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A video went viral this week, telling the story of a young woman named Claire Wineland. She has cystic fibrosis, a chronic and terminal illness that causes the body to produce excess mucus, which coats internal organs and ultimately stops them from functioning. According to the video made available by Circa, Claire's life expectancy is about 21 years—she is 19.

What’s striking about the video is that this isn’t a sob story. Wineland cheerfully and positively speaks about her impending death. “Hi, my name is Claire,” she says in the video. Breaking out into a smile, she continues, “I have cystic fibrosis, and I am dying—faster than most people.”

“I can be sick, and yet I can travel the world and be a speaker and do whatever I want,” she says. “You can be in pain and yet you can see beauty, and that’s what makes life so incredible.” But it’s not just being able to get by, for Wineland either; she also sees how her condition can even widen her life. “The people who have been through the most are the people who have the most to give,” she says.

What’s unique about Wineland’s mission is how she aims to show the world that life with a fatal chronic illness need not be a funeral march.

As a fellow chronic illness sufferer—albeit with a nonterminal illness—I salute her courage and love of life. I’ve suffered from asthma since the age of 2. One afternoon when I was 17, I was having an asthma attack that was a lot worse than usual. My mom panicked and rushed me to the doctor. He administered four successive adrenaline shots with no improvement; usually I’d be recovered within moments after a single injection. I was rushed to the ER in an ambulance, where I was immediately surrounded by an entire team of specialists who struggled urgently to help me breathe. I remember praying and struggling with all my might to take my next breath.

When I was recovering, I looked out the window and saw the wind in the trees. I noticed the first buds of spring. In these simple things, a feeling of joy and gratitude overtook me. Just knowing that I would be able to go outside again, that I would be able to partake of this world again, seemed too good to be true. This particular episode, and multiple similar episodes that would follow it, made me want to do more, be more, give more—to live more. I realized over time that my illness offered me a unique perspective on life.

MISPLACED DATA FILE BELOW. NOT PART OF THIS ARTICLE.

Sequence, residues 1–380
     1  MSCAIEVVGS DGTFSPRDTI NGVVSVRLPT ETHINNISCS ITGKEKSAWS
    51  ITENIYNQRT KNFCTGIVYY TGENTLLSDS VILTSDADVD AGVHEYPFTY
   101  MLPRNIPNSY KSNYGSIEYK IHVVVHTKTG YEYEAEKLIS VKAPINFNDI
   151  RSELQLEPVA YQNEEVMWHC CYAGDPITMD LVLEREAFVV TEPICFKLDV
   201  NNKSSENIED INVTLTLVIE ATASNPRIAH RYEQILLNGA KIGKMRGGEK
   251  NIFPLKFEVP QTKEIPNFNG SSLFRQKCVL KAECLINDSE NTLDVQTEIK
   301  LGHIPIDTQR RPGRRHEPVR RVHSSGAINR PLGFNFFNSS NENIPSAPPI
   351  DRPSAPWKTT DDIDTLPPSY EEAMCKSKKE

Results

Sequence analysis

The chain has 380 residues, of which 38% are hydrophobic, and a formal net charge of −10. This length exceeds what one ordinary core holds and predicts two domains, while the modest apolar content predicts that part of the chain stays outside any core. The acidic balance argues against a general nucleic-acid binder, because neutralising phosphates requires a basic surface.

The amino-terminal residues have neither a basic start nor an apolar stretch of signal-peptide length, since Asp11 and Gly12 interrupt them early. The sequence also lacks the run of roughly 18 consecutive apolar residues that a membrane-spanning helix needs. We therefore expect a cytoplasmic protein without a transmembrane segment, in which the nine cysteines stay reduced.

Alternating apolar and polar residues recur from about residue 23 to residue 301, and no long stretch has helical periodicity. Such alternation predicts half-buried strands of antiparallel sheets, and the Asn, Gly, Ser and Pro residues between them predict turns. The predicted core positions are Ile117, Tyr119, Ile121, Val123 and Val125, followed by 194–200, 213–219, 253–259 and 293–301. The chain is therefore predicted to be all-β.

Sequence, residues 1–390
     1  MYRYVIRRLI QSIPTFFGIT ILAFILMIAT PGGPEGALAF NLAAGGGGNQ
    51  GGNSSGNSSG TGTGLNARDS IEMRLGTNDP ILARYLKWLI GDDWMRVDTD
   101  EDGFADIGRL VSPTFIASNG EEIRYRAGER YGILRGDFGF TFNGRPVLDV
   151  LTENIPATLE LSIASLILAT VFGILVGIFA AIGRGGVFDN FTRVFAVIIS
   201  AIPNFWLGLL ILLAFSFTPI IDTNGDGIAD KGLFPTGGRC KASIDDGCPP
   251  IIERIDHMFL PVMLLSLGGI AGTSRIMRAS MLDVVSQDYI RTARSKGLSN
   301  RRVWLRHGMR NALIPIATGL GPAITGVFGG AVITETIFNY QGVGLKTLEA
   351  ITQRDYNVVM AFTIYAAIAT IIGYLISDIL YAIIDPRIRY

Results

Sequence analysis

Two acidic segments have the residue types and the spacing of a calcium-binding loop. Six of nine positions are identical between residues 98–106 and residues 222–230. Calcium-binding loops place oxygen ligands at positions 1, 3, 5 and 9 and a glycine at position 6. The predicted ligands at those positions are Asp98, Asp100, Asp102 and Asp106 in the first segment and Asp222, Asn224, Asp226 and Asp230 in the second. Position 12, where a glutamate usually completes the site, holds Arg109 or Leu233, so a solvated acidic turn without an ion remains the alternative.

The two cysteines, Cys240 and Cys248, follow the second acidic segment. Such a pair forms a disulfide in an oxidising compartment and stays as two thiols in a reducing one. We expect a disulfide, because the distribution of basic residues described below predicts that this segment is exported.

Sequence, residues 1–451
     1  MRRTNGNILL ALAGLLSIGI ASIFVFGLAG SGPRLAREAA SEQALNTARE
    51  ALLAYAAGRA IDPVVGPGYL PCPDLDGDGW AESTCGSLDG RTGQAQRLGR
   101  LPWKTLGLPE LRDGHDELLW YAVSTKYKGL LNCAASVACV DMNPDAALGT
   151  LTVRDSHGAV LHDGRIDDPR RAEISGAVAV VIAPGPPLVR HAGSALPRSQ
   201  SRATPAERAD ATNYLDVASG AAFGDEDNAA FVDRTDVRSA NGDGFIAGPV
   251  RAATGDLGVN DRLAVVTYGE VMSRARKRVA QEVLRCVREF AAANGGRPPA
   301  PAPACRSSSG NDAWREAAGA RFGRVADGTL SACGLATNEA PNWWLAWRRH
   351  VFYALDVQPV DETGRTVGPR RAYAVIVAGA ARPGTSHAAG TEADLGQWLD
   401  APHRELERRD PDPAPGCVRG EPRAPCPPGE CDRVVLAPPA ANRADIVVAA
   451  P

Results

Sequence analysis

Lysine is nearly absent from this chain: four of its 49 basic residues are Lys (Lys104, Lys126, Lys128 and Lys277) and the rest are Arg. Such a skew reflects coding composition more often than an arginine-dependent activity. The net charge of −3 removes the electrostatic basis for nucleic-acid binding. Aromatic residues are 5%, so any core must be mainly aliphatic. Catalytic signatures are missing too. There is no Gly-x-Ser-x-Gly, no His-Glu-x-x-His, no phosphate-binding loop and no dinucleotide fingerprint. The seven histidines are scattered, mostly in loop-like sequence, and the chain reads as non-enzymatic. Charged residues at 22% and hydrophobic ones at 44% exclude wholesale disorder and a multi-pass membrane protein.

I think that life is beautiful even with hardships, but not just that—I’ve come to think that life is beautiful because of the hardships. Not only can you be in pain yet see beauty, but in my experience you also see more beauty because you are in pain. The knowledge of what it’s like to nearly lose what is most precious—your very life—makes everything more meaningful, rich, textured, and beautiful. The awareness of the beauty helps you through the next coughing fit, the next round of medications, the next struggle to take a breath.

Growing up with asthma, I faced a lot of challenges. There were awkward inhalers to take, medications that tasted horrible and made me shake and lose my appetite. It all made me feel different, like an outcast. Often, people didn’t believe I was really sick, or they thought I brought my illness on myself. There were midnight visits to the ER on my birthday, but there were also Christmases where I felt energetic enough to go sledding. Later I got well enough to be able to begin slowly training for the cross-country track team. From this experience, I learned about self-care, dogged perseverance, and self-acceptance. Now I have lifelong memories of running through beautiful summer days and nights. Ultimately, I had to leave the track team because my asthma kicked in, but in that short time I told myself who I could be; I told myself more was possible than I’d ever dreamed. I wouldn’t trade that for the world.

Everyone suffers, and everyone dies. It’s just that those who are terminally ill have a more compressed timeline. Much of our culture holds up “live forever” messaging—whether in Top 40 songs or in face creams—and it can be easy to get caught up in superficial desires of youth, beauty, wealth, and ease. But like Wineland, I think we could benefit from thinking about our mortality a bit more. Because, like all things that make us vulnerable, death forces us to think about what matters.

Being ill early in life was a lesson in humility. It taught me to accept others’ help, to care for myself, and to love fully. The root words that make up the common term “compassion” are passio, meaning suffering, and com, meaning with. It’s precisely by “suffering with” others that we most profoundly witness their love for us and realize our love for them. Paradoxically, the natural process of suffering and dying can be a rich gift.

Wineland’s gift to us is that she, and others like her, invites us to witness power in vulnerability and be grateful for every breath we take.

*This article has been updated from its original version. The old version incorrectly identified the life expectancy of people with cystic fibrosis. Claire's life expectancy is mid-20s while the disease's average life expectancy is closer to 40, according to the Cystic Fibrosis Foundation

Photo Credit: South Bay